The following code and library are compatible with arduino software 1.0+ ONLY. You can download the newest version of the arduino software here.

Outputting data can be extremely useful, and typically when we look at doing this, it is either to the Arduino’s serial terminal, or to some sort of display. But what about making physical copies of the data? So a few months back, SparkFun started selling a thermal printer that you could connect to a microcontroller (or via adafruit ). That same day my brain filled with crazy thing you could do with it, like a giant fortune cookie that could print your fortune on the fly.

Anyways… If you dont know about thermal printers, they are most often the printers your store’s receipts are printed on. The reason for this is that they dont use ink, or use a cartridge of any sort. The paper it prints on turns black when heated. So this printer simply applies heat where another printer would apply ink. Eventually the printers head will wear out, but this after several miles of printing. Yes, miles – about 30 of them. So given that the rolls of paper are 34ft long, you can print about 4,600 rolls before the print head dies, meaning for most of us, you will never see that happen.

Hooking it up

So this printer can be powered off of 5V, but NOT the 5v pin on your arduino, and no via USB. It uses very little power when it is is just sitting by, but uses around a full amp when it is printing! And because the most USB can handle is half of that, we need an external power supply. Something between 5 and 9V, and a minimum of 1400ma output (larger is fine). I found that powering the printer with 9v, it printed much faster, and slightly darker than 5v, and if you have it available, I recommend using 9v.

There are two ways of connecting the power supply as shown in the illustrations. You can either power your arduino and the printer separately, or you can power the arduino, and power the printer off of the arduino.

To do the latter, the printer’s power wire (red) needs to connect to the VIN pin on the arduino, not the 5v pin. The reason is that the 5v pin goes through a regulator and is not meant to supply this kind of power, but the VIN pin is directly connected to the power input on the arduino. So it can supply much more.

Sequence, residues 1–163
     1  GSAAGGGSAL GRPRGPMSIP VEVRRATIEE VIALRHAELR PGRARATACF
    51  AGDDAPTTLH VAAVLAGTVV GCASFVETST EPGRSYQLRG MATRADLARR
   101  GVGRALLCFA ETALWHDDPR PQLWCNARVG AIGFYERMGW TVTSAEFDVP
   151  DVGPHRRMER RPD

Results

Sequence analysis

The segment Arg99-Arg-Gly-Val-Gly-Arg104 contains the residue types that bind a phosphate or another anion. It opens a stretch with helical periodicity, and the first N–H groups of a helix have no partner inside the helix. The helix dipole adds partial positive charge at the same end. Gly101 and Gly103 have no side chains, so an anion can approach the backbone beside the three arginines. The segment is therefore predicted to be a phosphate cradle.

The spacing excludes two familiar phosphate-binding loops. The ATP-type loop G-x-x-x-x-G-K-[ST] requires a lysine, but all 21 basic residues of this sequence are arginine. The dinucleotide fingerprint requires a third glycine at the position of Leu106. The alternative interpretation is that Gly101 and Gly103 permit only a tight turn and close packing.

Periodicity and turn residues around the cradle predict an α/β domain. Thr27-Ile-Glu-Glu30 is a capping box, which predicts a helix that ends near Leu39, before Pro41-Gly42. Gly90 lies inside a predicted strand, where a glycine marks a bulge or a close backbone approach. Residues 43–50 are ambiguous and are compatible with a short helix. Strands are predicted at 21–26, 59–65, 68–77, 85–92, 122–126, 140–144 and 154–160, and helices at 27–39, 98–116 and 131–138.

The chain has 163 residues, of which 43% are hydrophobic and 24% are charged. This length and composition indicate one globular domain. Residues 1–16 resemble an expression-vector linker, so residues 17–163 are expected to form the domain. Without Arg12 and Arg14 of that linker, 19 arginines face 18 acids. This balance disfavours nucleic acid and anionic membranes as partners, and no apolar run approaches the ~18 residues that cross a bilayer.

Now just connect the rest of the wires as shown.

Code

The printer needs a serial connection to the arduino. And normally that would mean we would connect to digital pins 0,1 but, if we did this, anything you printed to the serial terminal for debugging or otherwise the printer would see and possibly print out. We don’t want that, so we will be using a libraty so that you can keep those pins free.

This printer has a huge amount of features. 2 different barcode, text output, size settings etc, and each one needs a new configuration to get it working. So we created a library for this so that you could keep your code clean, and simple.

To make this code work, before you load the code, or even open the Arduino program, we need to place the “Thermal” folder into your Arduino Library. If you don’t know where that is by default, Look to the right.

If you click the download button to the right of “Arduino” you can download the whole thing as a zip, so you dont need to copy all the files.

Default Library Folder Location

On your Mac:: In (home directory)/Documents/Arduino/libraries
On your PC:: My Documents -> Arduino -> libraries
On your Linux box:: (home directory)/sketchbook/libraries

darkness And Speed Calibration

If you want to get a little more speed, or darkness out of the printer, you can change some settings in the thermal.cpp file of the Thermal library.

heatTime = 120; //80 is default from page 23 of datasheet. Controls speed of printing and darkness
heatInterval = 50; //2 is default from page 23 of datasheet. Controls speed of printing and darkness
Unless otherwise stated, this code is released under the MIT License – Please use, change and share it.

Changing heatTime and heatInterval to lower values, will yield a faster, but lighter printing, and raising them will yield a slower, but darker printing. If you are running off of 5V, and find the printing too light, try changing both values to 255.

You can make changes to the file with the arduino sketch open. Just save the Thermal.cpp file and re-upload the sketch to see the changes.

Help expand the library

We would love help expanding the library if you are interested. We would like to add to support for bitmap printing and other text setting. Also there may be a better way to set many of the settings than we are now. If you are interested in helping, let us know in the forum.